19

The biggest issue in deciphering the Indus script is that the average length of the known inscriptions is less than five signs, with the longest one containing only 17 non repeating signs: The longest Indus 'inscription' (if that's the right word) on a single flat surface is M-314, which contains 17 non-repeating symbols. Like all but one Indus '...


10

You are taking the quote out of context. Here is the complete text from the Story of Civilization: Twelve years he wandered, imbibing wisdom from every source, sitting at every shrine, tasting every creed. Some would have it that he went to Judea and was moulded for a while by the tradition of the almost socialistic prophets; and even that he found ...


9

The Indus Valley Civilization (IVC) was a Bronze Age civilization (3300–1300 BCE; mature period 2600–1900 BCE) extending from what today is northeast Afghanistan to Pakistan and northwest India At its peak, the Indus Civilization may have had a population of over five million. Inhabitants of the ancient Indus river valley developed new techniques in ...


8

There's an article here with details and reconstruction pictures like this one. Most of the site is small houses and you can see from photos many have not been reconstructed but there is still a lot that was done. A New York Times article on Mohenjo Daro says Much of the area has been reconstructed with newly made bricks, which preserves the look and ...


5

It would be hard to compare with other contemporary civilisation at the time viz Egyptian or Sumerian as not much written information available of that time. However, archealogical finding suggests many technological advancements 1) Sanitation - use of covered drainage system, (what now called) WC, reservoirs, public bath, dams and step wells to name few (...


5

I just want to know is there any evidence of the practice of burning dead bodies existed in India before 1900 BC It matters very little if there was anecdotal evidence prior to 1900BC. What matters is that, per your own question, the archeological evidence found to date suggests that cremation went from anecdotal or non-existent to widespread after that, ...


5

Sad to say, probably not. Let's look at the reported itenerary of these words: Rice: via Old French ris and Italian riso from Latin oriza, which is from Greek ὄρυζα oryza, through an Indo-Iranian tongue finally from Sanskrit व्रीहिस् vrihi-s "rice", derived from proto-Dravidian. So this word was first imported to Sanskrit (an Indo-Euorpean language ...


5

There is a gap of fifteen centuries between the demise of Indus script, and the origin of Brahmi script. More, Indus Valley script remains undeciphered despite the corpus of literature written in Brahmi script. On the other hand, there are substantial and irreconcilable differences between Kharosthi, which was based on Aramaic, and Brahmi. The most current ...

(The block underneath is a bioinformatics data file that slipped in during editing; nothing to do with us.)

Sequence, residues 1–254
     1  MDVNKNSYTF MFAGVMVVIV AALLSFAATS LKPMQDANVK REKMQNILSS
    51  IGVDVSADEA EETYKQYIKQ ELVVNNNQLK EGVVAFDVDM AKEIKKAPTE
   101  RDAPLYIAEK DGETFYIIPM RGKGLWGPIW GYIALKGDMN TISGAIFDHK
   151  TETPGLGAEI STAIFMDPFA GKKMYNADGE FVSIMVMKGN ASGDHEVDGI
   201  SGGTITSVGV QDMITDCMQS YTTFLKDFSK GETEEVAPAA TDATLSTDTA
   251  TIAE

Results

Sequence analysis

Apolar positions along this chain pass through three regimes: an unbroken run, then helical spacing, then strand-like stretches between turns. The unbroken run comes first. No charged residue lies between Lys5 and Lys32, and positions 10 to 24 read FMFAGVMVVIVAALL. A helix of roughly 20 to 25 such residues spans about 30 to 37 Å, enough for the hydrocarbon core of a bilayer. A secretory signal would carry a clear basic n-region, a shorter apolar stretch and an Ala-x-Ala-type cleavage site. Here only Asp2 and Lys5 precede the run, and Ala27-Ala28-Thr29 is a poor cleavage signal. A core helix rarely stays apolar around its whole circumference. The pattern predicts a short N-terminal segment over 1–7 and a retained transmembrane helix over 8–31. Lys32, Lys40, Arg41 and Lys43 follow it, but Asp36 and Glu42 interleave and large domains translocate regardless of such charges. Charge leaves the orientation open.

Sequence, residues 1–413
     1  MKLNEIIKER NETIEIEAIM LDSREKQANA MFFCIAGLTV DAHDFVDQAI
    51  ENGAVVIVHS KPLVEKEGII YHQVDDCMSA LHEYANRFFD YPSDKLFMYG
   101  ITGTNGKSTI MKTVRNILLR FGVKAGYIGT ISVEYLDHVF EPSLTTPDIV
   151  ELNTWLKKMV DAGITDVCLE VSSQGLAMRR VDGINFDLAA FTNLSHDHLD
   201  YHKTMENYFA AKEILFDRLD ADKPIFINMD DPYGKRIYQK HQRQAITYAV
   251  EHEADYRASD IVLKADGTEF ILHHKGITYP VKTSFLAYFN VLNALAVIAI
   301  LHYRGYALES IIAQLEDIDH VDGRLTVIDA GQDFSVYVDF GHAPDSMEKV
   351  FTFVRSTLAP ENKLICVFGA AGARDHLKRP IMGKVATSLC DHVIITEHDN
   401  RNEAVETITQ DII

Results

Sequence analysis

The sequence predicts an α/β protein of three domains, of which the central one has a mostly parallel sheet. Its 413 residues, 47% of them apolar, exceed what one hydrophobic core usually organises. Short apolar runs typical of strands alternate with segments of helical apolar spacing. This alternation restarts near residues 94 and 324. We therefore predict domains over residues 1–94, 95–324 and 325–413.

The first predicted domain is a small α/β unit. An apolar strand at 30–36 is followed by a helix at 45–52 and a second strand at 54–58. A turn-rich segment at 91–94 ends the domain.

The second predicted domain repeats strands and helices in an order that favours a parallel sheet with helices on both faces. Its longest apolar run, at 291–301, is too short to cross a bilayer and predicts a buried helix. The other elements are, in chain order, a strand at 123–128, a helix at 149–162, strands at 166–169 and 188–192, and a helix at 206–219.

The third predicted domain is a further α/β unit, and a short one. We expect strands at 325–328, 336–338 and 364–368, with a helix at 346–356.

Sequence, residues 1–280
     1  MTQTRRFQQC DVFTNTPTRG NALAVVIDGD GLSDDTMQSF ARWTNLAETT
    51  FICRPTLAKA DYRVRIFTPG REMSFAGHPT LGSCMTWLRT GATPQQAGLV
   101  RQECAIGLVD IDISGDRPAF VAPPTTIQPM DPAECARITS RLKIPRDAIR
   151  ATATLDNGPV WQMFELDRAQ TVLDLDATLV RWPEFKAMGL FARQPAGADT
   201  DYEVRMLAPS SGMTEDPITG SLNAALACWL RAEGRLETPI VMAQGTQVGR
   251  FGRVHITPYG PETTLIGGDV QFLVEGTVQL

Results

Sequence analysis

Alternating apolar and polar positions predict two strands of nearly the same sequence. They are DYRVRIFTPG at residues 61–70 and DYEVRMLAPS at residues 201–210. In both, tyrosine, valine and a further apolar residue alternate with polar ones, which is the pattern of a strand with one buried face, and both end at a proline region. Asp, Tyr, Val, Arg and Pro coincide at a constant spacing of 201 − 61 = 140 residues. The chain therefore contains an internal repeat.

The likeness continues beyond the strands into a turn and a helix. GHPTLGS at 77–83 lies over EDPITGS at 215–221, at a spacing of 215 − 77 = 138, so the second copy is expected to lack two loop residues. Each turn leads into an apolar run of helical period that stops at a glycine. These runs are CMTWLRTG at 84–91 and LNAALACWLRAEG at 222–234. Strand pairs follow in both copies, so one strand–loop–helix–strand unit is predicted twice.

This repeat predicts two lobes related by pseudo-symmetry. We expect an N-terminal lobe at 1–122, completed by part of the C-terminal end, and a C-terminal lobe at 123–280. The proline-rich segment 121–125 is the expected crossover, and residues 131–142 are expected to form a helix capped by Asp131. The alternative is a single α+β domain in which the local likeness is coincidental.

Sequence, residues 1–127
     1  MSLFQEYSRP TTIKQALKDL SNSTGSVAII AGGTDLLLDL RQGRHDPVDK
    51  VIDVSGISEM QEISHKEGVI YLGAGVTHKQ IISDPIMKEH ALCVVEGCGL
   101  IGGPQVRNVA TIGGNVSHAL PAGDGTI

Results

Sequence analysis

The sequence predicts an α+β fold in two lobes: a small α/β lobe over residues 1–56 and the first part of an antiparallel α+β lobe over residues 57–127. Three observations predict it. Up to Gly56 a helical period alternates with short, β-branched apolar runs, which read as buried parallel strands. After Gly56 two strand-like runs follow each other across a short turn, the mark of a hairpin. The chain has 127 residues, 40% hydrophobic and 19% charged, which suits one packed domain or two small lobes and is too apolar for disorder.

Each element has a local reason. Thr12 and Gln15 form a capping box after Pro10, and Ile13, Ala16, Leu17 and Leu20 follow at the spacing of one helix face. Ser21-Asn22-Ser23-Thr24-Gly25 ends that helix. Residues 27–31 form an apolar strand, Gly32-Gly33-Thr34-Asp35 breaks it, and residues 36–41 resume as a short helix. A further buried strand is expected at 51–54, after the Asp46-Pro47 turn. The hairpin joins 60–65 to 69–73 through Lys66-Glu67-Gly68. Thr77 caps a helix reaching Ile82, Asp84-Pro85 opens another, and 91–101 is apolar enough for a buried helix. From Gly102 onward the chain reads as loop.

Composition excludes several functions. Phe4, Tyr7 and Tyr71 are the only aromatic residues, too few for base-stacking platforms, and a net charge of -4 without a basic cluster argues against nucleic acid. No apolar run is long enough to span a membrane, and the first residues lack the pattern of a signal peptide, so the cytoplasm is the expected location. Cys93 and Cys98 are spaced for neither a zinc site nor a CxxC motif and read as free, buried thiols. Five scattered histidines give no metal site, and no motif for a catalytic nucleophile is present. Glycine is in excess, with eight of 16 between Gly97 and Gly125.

4

There is no mention in any Greek source of Plato travelling to India, or to any place in Asia. He did however sail to Sicily.


3

As you say, cremation in India is first attested in the archaeological evidence with the Bronze Age Cemetery H culture dating from about 1900 BC. This is considered to be the formative stage of Vedic civilization. Changes in burial practices are often seen as evidence for the arrival of new populations (so-called "invasion hypothesis"). The Rig Veda is one ...


3

I don't know yet, but there is some indirect evidence that an Indian Yogi met Socrates. Travelling far and wide was not uncommon. Shankaracharya travelled all over India on foot. So did Ramanuja. Fa hien and Hiuen Tsang travelled to India, crossing the Himalayas.


3

Yes, stone is typically more expensive than brick for two reasons. The first is that quarries (easily-accessible outcrops of building-quality stone) are rare in most locales, and the second is that the economics of construction favours the rapid laying of small objects (bricks) over the slow laying of more massive objects (quarried stone blocks) for smaller ...


2

In earlier greek texts we find the river Ganges being described as Phison. So it is natural that they knew about this river. If they knew about this river then it is sure that the river was then also famous for some reasons. May be because of mystic and Sanatana Dharma religion " Hinduism". So if Alexander can travel to India in B.C 326 . Plato may have too ...


1

This is probably not a very good answer, although perhaps it provides some context. There is evidence that the Indus valley people migrated towards Sumer, and conducted trade with Oman and the present day orient, by boat, from 3000BC until later civilizations used the same trade route in 350BC. The details of Indus valley chronology and trade are ...


1

The Indus Valley civilization started declining around 1700 BCE. The Bronze Age transitioned into the Iron age also referred to as PGW(Painted Greyware)-Iron age, somewhere around 1000-1100 BCE (Iron was discovered in burial sites near Gandhara). There was no abrupt collapse of the bronze age. . The conventional viewpoint is that at this stage that mixing ...


1

I agree wih @SiddhantKumar's answer here. I want to add some points he has overlooked. The Indus valley civilization was one of the most advanced civilizations during the bronze age. 1) Sanitation - There were underground sewage systems, flush toilets and a proper sewage drainage system which collects sewage fro individual houses. They were all first of ...


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